Being an 'anti-national' is not a crime
It is a philosophical tease, as it were. A rather tricky one at that. In his conception of the State, Thomas Hobbes had argued that sovereignty is, in fact, the soul of the Leviathan. In a bid to protect itself from the unceasing violence of internecine conflict, human civilisation — it has an ingenious mind — vested in the ‘commonwealth’, the statum civitatis, a degree of autonomy. The State thus reserves the right to punish or reward citizens according to its code of laws. But the contract between State and citizen is far from equitable. The State is sovereign; but not so the civilian. Individuals are entitled to certain forms of liberty as long as these freedoms do not upend the skewed relationship between State and citizen. To accept the State as a sovereign is also to demur to, at an individual level, the bestowal of an identity. Those who wear this identity as a badge of honour are the State’s protégés; they, usually, are occupants of the high table. Unfortunately, conformity may not always be seen as a virtue. Philosophers ask questions, something that journalists used to do in the India of old; artists are repulsed by the prospect of conforming to injustice and falsity; intellectuals challenge narratives in a bid to remind citizens of the possibility of a fairer world. For their pursuit of an alternative vision, the intelligentsia and dissidents — or ‘anti-nationals’, to borrow an expression that would resonate in New India — have found themselves not within but on the margins of the commonwealth, to be hunted, branded and punished. Could it be that this vilification is becoming the only way of identifying a patriot in modern India?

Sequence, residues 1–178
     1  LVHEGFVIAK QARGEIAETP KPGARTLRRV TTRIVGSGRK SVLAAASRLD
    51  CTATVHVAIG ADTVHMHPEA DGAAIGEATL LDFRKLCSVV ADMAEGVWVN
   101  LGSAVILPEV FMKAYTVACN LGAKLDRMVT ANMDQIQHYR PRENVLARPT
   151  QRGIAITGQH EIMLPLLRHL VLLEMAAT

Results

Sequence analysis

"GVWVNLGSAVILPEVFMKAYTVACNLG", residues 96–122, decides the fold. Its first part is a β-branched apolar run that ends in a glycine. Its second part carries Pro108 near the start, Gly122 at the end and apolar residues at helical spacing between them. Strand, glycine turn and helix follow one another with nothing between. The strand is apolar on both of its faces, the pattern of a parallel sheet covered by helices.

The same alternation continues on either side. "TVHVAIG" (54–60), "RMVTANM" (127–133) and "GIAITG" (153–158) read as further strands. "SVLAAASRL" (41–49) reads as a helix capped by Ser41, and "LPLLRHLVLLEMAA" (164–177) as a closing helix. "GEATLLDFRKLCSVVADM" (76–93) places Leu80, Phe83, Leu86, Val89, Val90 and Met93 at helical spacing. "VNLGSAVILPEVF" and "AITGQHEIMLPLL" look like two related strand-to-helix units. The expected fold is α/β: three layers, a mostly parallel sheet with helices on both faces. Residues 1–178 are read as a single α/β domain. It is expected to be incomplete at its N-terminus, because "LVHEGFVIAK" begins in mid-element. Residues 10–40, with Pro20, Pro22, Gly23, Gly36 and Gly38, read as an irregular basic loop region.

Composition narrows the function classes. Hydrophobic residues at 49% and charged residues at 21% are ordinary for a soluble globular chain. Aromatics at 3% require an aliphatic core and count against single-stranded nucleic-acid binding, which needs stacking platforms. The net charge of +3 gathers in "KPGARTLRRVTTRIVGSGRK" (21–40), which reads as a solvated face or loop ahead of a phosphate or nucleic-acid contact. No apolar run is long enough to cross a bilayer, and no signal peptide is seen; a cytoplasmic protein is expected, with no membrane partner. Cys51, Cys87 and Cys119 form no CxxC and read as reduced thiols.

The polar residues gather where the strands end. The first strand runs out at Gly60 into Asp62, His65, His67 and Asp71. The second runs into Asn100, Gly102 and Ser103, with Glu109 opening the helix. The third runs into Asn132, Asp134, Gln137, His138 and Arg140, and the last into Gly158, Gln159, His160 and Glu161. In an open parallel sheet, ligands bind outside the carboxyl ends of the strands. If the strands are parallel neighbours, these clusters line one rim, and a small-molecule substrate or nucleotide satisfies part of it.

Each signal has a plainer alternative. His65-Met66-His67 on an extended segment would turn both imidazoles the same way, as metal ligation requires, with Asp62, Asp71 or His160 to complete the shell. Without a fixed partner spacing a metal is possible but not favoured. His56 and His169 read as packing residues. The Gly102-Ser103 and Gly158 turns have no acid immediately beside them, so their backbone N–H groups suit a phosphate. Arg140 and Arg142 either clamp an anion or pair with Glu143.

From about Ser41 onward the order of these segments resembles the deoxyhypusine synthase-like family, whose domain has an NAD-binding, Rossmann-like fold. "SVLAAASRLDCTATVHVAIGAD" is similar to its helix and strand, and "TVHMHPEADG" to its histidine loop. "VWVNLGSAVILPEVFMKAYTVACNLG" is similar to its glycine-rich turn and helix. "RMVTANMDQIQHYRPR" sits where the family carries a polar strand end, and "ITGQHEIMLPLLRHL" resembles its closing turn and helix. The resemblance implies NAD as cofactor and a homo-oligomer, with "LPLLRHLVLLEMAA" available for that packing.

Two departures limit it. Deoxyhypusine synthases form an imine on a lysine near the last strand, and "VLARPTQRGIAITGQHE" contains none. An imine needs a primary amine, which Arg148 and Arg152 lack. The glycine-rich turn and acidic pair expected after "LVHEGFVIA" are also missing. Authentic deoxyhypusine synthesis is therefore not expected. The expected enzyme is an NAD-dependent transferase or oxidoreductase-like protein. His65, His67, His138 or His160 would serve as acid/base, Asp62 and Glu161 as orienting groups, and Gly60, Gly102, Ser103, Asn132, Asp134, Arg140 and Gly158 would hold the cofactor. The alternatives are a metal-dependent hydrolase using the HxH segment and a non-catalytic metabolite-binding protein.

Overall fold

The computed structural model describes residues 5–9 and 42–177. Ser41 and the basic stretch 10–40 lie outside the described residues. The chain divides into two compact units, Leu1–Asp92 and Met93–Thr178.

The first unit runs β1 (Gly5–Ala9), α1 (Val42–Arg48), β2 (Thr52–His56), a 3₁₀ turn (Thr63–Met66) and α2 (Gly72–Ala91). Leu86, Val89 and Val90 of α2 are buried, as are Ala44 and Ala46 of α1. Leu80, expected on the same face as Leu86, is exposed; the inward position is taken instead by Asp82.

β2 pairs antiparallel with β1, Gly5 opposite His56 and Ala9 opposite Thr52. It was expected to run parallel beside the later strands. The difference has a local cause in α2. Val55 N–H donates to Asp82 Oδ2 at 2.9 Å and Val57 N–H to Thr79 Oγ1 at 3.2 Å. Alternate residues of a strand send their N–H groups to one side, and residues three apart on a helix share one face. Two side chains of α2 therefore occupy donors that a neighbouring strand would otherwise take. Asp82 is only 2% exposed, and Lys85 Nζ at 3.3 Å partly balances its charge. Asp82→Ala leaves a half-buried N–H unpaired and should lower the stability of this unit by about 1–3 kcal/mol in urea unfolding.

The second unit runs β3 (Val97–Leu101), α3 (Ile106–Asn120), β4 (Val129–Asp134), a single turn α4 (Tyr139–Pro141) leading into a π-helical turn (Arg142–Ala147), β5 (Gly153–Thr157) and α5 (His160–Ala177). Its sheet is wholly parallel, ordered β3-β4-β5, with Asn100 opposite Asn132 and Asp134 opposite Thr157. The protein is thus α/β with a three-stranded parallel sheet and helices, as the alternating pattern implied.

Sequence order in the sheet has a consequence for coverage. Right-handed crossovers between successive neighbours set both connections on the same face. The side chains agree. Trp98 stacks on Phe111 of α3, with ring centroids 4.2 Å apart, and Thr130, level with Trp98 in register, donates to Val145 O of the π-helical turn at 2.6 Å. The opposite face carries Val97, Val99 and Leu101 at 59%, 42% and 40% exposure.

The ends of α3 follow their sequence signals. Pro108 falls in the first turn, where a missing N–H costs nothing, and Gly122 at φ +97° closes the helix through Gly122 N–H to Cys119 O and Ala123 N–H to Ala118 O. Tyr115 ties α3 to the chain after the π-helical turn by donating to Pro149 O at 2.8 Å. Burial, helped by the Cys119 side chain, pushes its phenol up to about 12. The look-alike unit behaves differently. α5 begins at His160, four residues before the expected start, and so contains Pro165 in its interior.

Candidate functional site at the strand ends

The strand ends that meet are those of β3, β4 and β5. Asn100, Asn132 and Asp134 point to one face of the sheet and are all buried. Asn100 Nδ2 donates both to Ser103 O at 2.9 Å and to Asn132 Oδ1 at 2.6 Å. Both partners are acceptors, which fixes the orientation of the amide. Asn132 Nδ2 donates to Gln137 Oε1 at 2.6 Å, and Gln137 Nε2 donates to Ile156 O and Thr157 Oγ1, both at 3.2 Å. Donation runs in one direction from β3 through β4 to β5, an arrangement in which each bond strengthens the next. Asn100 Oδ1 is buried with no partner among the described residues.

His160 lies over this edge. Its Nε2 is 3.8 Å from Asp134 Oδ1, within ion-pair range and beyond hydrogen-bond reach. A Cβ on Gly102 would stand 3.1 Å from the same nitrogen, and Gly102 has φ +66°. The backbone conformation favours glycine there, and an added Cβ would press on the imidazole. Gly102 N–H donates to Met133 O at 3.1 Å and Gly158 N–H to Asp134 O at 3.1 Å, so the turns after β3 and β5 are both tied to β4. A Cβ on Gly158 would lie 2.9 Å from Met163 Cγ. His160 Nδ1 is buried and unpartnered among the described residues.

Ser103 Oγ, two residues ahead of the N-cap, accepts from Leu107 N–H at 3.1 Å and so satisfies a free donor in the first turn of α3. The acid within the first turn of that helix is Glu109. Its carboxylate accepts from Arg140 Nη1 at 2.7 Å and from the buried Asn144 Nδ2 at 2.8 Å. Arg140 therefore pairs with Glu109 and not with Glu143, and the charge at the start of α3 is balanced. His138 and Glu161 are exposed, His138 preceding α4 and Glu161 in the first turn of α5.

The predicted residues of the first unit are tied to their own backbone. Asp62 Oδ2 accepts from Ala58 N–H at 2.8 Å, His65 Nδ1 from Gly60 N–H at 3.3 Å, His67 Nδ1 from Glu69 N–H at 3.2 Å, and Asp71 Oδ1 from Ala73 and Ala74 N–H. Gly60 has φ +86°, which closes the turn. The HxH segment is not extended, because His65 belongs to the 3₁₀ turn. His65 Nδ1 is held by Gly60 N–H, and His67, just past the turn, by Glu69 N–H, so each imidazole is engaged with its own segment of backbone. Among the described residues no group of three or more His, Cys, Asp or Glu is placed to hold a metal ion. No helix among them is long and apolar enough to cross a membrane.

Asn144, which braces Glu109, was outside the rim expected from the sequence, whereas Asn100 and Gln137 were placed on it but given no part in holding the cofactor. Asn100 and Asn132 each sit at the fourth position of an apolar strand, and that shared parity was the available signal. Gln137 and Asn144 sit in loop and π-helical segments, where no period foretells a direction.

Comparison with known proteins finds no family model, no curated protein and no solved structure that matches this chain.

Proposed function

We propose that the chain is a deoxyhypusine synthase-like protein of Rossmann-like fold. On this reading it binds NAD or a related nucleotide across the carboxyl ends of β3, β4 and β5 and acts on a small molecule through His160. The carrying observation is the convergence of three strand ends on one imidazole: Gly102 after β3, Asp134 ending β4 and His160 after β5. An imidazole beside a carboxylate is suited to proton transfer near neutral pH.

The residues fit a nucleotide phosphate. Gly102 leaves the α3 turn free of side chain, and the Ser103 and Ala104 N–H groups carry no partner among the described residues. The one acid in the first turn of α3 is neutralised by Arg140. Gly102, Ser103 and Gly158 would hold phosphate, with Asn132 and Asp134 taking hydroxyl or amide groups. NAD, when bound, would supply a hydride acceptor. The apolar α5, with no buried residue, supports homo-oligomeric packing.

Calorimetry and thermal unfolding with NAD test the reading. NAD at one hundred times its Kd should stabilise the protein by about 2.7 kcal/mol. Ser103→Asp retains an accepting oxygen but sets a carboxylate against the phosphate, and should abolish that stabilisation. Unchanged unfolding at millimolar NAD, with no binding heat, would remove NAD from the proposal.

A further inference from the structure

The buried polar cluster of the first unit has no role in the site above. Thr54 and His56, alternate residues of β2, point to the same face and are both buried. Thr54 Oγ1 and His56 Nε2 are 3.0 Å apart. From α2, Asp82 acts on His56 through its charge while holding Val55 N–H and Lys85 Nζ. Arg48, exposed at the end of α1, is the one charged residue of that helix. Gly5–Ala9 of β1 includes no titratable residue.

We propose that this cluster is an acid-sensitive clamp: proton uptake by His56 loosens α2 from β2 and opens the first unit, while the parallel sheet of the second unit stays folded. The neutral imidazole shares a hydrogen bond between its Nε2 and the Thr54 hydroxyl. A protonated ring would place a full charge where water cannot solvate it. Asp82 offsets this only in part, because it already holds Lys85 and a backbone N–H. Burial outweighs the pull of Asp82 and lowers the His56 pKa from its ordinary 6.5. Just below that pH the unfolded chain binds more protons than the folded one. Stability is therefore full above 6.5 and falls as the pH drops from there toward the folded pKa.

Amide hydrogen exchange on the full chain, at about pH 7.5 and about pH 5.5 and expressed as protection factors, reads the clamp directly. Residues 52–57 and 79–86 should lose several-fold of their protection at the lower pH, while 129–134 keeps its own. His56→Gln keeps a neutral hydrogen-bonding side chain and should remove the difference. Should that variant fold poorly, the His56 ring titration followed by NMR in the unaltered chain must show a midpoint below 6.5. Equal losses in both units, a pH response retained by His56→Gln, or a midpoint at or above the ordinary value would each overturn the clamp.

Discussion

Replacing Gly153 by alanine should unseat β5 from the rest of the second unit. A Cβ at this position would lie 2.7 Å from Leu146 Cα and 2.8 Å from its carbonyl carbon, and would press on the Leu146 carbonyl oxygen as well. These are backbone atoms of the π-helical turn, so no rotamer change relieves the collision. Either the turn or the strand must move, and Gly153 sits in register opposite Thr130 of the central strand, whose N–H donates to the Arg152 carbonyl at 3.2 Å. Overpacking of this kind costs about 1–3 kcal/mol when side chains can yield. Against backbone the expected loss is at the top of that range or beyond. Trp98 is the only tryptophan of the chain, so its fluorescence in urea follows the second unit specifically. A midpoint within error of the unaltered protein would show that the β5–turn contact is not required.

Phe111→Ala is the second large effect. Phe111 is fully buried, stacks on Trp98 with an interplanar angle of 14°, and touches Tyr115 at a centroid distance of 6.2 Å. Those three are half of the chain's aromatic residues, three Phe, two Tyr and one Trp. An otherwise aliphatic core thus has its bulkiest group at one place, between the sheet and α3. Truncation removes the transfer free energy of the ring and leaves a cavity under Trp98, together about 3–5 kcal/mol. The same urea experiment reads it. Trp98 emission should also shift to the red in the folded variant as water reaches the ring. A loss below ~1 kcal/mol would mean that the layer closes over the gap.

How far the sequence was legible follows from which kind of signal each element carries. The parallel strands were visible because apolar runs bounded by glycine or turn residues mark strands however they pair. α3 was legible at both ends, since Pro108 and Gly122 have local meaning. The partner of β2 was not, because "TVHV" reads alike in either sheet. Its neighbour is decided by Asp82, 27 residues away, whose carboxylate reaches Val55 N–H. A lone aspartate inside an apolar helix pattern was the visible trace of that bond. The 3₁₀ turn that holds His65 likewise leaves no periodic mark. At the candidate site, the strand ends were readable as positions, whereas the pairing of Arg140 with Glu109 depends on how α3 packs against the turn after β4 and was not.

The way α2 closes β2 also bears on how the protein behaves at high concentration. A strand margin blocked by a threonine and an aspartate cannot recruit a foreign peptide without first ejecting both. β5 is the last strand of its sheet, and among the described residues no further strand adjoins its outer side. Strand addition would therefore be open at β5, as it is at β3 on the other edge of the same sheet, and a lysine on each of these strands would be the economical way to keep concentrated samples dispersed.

Amartya Sen, one of India’s luminaries, seems to concur with this inference. In a well-attended talk in New Delhi, Mr Sen, a Nobel laureate, argued that to adhere to beliefs and principles that the State vilifies may not necessarily be an act of transgression. Being an ‘anti-national’, in Mr Sen’s nuanced opinion, is thus not a crime since citizens in a plural society — is not India one? — are cloaked in multiple identities, only some of which a State, an authoritarian one at that, endorses. What makes Mr Sen’s view pertinent is that he was making his voice heard at a time when India, now in the throes of a low-scale conflict with Pakistan, seems to have renounced its ability to distinguish between patriotism and a shrill, muscular nationalism. It is this constriction of perspective, adroitly engineered by the State and its agencies, including the media, that has made it difficult for citizens to demand accountability from a dispensation elected by the people.
Mr Sen, characteristically, was seeking to take up the cause of New India’s new underdog — the champions of pluralism and free speech. Those who believe in the peaceful assimilation of diverse faiths, cultures and identities as well as in the right to question the wrong must be made to reclaim their place within the Indian State. That is the promise of the Idea of India.